Coach's Corner: Rebounding, Free Throws Make a Difference
As we pointed out last week, young basketball players can learn a lot while they’re watching these games.
Once again, we’ve asked veteran coach P.J. Carlesimo – who has experience at the college, NBA and USA Basketball levels – to point out some of the things you should be looking for in the tournament to help you raise your game.
“Kentucky is such a good rebounding team, especially on the offensive glass,” said Carlesimo. “It’s one of the primary reasons they are in the Final Four. It’s a good point for young players to watch. They’re not just getting rebounds because they’re tall. They’re getting rebounds because they work at it. They really attack the boards.”
Carlesimo noted that a big part of Kentucky’s win on Sunday was thanks to a player who was only in the game because one of the starters was injured.
“Marcus Lee was really the difference in the game against Michigan,” said Carlesimo. “The only reason he played was because Willie Cauley-Stein was hurt. Lee came off the bench and had 10 points and seven offensive rebounds. Four of his baskets were offensive rebound dunks.”
As a team, Kentucky had 17 offensive rebounds against Michigan and 17 second-chance points (meaning they scored after getting the offensive rebound).
“This is what they do all the time,” said Carlesimo. “They are an excellent rebounding team. They did the same thing against Louisville, when they had 15 offensive rebounds and 18 second-chance points. And it’s a good thing to watch, because it will happen again this weekend.
“The ball doesn’t just come to you. You have to pursue it. And I don’t think there’s a team in the country that pursues the offensive glass better than Kentucky does.”
Kentucky faces an interesting challenge on Saturday when its offense matches up against a very good Wisconsin defense.
“The Badgers are truly one of the best defenses in the country,” said Carlesimo. “It will be an interesting matchup, because Kentucky is an excellent offensive team. Can Wisconsin slow down Kentucky,? Can they contain them in the half-court? It will be fun to watch.”
Wisconsin’s win over Arizona on Saturday was an example of how making free throws can be the difference between winning and losing. The Badgers made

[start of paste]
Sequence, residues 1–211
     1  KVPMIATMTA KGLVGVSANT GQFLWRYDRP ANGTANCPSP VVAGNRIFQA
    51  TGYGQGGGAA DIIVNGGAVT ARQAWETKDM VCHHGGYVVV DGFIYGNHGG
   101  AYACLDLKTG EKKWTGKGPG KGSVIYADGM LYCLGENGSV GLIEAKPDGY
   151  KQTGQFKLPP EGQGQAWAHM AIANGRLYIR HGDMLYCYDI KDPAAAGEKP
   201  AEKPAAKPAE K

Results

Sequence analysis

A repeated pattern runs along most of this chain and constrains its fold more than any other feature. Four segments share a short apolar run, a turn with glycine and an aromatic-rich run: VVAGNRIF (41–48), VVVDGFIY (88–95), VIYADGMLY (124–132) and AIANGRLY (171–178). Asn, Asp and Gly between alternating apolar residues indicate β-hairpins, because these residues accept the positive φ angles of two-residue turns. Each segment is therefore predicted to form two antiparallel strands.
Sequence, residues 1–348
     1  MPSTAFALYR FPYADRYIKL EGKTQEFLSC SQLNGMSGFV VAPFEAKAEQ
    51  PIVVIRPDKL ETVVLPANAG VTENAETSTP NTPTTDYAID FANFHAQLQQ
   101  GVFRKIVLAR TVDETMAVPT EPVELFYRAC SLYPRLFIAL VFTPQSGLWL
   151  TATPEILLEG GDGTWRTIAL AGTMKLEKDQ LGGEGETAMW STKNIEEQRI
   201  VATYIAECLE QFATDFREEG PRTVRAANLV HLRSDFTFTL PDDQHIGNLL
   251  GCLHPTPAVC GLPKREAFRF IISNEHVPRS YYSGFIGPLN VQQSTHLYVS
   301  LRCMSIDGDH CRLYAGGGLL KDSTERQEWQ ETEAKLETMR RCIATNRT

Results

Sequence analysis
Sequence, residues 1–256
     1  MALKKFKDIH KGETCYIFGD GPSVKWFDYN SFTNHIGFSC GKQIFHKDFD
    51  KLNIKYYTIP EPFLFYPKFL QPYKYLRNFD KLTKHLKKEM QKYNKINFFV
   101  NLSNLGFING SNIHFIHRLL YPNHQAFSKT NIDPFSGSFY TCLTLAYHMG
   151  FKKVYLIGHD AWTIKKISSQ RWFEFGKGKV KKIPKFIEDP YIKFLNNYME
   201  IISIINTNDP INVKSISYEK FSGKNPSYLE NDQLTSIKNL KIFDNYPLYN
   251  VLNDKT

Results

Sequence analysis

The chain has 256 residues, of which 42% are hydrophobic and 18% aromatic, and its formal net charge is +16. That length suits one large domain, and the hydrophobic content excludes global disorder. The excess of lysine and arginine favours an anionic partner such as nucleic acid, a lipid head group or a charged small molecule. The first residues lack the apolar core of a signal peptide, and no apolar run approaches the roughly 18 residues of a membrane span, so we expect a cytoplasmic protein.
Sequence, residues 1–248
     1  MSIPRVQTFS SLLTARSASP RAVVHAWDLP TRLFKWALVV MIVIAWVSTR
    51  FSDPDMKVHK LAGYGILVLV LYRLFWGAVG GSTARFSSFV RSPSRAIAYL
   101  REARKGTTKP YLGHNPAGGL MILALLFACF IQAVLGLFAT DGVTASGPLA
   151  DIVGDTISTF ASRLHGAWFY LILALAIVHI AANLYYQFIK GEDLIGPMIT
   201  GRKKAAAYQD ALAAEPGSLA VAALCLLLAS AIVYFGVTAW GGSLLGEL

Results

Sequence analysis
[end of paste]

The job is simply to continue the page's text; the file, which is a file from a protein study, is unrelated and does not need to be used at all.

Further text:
10 of 12 free throws – 83 percent – while Arizona made 12 of 17 free throws – 71 percent. “Wisconsin won by two points in overtime,” noted Carlesimo, “so you can make a case free throws made a big difference in that game.”
In the other Final Four game, Connecticut plays Florida. Connecticut’s big win over Michigan State on Sunday was an even more impressive example of free-throw shooting making the difference.
“Free throws can be the deciding factor in any game,” said Carlesimo, “and it certainly was a primary reason for Connecticut’s win over Michigan State. The Huskies made 21 of 22 free-throw attempts – a 96 percent success rate – and Shabazz Napier made all nine of his free throws, including big shots down the stretch that sealed the win.”
Now Connecticut gets to play Florida, the top-ranked team in the tournament. Florida has won 30 games in a row dating back to Dec. 2. The last team to beat them? Connecticut.
“Florida literally has been the best team in the country, and the reason is that they are so good at both ends of the floor,” said Carlesimo. “Connecticut is coming off as good a defensive performance as you’re going to see – really an incredible defensive performance.”
Carlesimo’s tip for watching the Connecticut-Florida game: “Keep an eye on a great guard matchup between Scottie Wilbekin of Florida and Shabazz Napier of Connecticut,” he said. “I don’t know if they’ll be guarding each other, but they are both really good players.”
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